The Back Door to an Abundance of Cosmetic Patients

I have observed a common challenge that dentists face. You enjoy doing one aspect of dentistry much more than other aspects. Because you enjoy that aspect, you naturally want to do more. The common example today is dentists who want to do more cosmetic dental procedures. Many want to change the “procedure mix” they perform, performing more cosmetic procedures and less of other types of procedures. Sound familiar?


Dentists altered their marketing to attempt to change their procedure mix. To attract more cosmetic patients, many dentists focus their marketing on the patient seeking cosmetic dentistry. The first dentist in any market initially had great success. But go to any major city in the nation today, look at the Yellow Pages and you will see page after page of ads for cosmetic dentists. Only 5% of patients choose a dentist because they want cosmetic dentistry. As the number of practices chasing this very narrow slice of the dental market increased, the success of this strategy dwindled. Marketing your practice as a cosmetic dentistry practice will do two things. First, it will attract patients that want cosmetic procedures (again about 5% of the market). Secondly, it will repel all other patients. The question becomes this: with the crowded arena of cosmetic dentistry marketing, will you be able to attract enough patients to thrive? It is a tough game. One Dallas area cosmetic practice is spending $125k each month on marketing and advertising activities. These activities are attracting 50 new patients. If spending $2500 to attract a new patient sounds like a high risk venture, I can tell you it is. So what is the best strategy in today’s market?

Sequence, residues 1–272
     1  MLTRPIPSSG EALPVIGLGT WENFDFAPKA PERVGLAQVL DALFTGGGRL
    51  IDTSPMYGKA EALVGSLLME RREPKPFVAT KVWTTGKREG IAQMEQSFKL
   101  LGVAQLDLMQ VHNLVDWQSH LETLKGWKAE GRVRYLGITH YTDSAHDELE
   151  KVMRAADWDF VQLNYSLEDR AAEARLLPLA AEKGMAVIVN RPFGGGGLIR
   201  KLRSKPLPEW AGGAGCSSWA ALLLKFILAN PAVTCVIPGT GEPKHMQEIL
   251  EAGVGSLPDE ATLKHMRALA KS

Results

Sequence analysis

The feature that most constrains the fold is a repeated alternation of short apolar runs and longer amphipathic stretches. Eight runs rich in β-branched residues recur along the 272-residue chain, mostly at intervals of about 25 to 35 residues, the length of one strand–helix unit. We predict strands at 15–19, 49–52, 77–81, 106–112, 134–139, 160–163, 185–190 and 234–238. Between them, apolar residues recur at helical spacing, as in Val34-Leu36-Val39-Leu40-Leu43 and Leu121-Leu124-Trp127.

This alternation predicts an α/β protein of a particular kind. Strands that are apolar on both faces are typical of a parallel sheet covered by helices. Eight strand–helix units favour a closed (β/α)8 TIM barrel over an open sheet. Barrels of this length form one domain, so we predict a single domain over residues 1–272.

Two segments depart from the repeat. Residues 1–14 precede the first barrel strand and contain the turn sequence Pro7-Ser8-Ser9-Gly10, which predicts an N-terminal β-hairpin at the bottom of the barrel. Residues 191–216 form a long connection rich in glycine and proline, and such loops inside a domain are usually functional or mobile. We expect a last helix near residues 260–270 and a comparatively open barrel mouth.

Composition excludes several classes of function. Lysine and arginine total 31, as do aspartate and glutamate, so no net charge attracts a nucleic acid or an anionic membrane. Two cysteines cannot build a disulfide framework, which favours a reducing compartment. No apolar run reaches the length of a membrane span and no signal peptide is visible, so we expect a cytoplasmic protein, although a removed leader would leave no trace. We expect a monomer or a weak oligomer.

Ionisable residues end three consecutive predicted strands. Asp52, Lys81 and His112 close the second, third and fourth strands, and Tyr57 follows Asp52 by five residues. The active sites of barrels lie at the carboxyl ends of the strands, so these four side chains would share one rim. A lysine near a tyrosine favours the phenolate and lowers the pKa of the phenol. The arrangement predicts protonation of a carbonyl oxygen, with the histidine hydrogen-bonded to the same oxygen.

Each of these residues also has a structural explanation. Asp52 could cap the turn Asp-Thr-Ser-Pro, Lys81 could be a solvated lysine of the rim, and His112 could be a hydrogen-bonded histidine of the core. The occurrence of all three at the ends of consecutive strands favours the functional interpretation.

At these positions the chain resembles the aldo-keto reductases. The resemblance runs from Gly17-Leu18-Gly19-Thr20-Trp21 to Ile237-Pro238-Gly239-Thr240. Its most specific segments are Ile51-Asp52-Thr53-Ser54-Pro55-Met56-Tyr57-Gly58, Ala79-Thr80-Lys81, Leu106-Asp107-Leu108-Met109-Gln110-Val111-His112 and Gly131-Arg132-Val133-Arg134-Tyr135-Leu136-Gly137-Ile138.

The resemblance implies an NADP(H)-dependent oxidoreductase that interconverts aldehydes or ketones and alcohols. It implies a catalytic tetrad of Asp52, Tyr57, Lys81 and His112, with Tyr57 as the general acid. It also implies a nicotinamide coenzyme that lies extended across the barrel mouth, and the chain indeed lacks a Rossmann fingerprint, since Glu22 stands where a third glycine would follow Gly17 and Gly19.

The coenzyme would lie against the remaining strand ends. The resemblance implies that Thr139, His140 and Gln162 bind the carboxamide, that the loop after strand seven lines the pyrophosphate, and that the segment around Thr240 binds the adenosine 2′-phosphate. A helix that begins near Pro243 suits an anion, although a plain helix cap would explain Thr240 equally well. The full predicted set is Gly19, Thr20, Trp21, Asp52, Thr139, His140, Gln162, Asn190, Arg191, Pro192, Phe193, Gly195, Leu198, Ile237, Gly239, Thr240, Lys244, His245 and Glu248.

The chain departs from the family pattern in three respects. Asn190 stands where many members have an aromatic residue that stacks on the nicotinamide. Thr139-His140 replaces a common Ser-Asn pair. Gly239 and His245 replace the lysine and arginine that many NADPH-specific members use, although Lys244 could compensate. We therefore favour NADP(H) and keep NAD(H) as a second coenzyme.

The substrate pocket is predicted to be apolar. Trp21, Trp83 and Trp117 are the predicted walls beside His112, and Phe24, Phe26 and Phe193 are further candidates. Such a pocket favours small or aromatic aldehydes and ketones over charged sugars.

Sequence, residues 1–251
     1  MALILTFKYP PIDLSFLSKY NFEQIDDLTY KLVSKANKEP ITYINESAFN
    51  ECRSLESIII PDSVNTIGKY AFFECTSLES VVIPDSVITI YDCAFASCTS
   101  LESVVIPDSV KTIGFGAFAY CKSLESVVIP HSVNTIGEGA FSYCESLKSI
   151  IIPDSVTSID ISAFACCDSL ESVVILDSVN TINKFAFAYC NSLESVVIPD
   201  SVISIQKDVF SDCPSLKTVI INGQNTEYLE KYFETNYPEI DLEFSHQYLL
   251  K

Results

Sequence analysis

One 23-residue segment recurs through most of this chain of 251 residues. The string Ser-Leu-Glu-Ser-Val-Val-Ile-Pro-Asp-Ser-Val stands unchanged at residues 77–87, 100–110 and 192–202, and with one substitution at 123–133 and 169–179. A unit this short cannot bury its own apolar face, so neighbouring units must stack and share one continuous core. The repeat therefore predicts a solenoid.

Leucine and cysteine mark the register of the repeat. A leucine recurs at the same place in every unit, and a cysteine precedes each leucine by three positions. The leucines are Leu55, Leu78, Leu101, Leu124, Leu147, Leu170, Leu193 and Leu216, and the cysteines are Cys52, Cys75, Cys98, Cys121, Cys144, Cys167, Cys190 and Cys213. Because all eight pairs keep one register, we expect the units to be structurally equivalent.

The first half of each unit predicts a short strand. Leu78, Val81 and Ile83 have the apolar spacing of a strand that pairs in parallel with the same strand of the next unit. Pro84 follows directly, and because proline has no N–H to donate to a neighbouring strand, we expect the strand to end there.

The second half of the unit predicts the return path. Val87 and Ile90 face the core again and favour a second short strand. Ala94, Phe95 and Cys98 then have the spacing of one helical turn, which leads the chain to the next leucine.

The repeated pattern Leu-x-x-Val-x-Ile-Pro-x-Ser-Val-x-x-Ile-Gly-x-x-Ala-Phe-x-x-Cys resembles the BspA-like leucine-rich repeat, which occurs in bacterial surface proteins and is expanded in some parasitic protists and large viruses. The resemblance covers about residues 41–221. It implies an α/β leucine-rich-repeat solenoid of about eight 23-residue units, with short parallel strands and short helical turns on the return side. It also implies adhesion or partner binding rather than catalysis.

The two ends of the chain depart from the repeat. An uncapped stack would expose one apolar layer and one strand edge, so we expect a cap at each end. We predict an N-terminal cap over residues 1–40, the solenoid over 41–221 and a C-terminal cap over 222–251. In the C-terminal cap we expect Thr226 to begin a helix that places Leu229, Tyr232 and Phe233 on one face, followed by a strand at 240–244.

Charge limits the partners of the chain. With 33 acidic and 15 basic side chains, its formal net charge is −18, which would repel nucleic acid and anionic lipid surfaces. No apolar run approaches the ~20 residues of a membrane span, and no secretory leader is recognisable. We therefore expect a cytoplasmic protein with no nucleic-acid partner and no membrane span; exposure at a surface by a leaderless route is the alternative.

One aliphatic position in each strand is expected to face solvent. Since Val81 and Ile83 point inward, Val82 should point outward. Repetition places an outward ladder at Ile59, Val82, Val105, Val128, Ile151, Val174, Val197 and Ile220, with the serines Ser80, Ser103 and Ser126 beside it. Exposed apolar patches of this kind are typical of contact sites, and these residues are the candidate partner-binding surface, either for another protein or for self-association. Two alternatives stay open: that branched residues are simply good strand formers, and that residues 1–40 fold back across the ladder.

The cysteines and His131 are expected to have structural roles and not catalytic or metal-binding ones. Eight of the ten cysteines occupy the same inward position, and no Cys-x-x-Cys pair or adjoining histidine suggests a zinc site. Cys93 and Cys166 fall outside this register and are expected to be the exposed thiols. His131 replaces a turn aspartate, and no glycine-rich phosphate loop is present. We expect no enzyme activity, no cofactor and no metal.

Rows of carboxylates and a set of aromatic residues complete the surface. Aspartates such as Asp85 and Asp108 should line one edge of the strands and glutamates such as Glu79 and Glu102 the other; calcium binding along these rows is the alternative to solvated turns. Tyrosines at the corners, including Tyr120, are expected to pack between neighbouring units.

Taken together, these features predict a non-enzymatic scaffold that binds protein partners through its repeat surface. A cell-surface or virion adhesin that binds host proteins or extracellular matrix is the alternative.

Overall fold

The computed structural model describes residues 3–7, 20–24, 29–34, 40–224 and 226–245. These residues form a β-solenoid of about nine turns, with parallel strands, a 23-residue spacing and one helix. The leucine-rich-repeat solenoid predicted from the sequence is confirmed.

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Want to expand the cosmetic dentistry your practice performs? It’s a math game. 5% of patients seek cosmetic dentistry, yet cosmetic dentistry makes up a much larger proportion of most dental procedures, proving that patients who are not initially drawn to cosmetic dentistry will purchase it when offered. Draw in more new patients, present cosmetic options well (Dr. Brian Gilbert’s highly successful method is detailed on The One Thing CD series) and you’ll do more cosmetic dentistry. More dentistry, more cosmetic dentistry.


But wait, that doesn’t change the procedure mix does it? It doesn’t but, it is the first step. Step #2 comes when your clinic time is completely full. When your time is fully utilized it is time for an associate. An associate can perform more of the general dentistry procedures, freeing up your time for the more complex cosmetic dentistry procedures. You may be thinking that an associate would be unfulfilled by this arrangement. Not so, many dentists do not enjoy the difficulty and the precision of cosmetic dentistry. Just because you enjoy some aspect of dentistry don’t think that everyone will.


Cleary defining the roll of each team member is a critical leadership responsibility. When recruiting an associate to fill a particular roll, full disclosure of that roll is a must. If an associate accepts their roll before even joining the practice, they will be more likely to excel in the defined roll.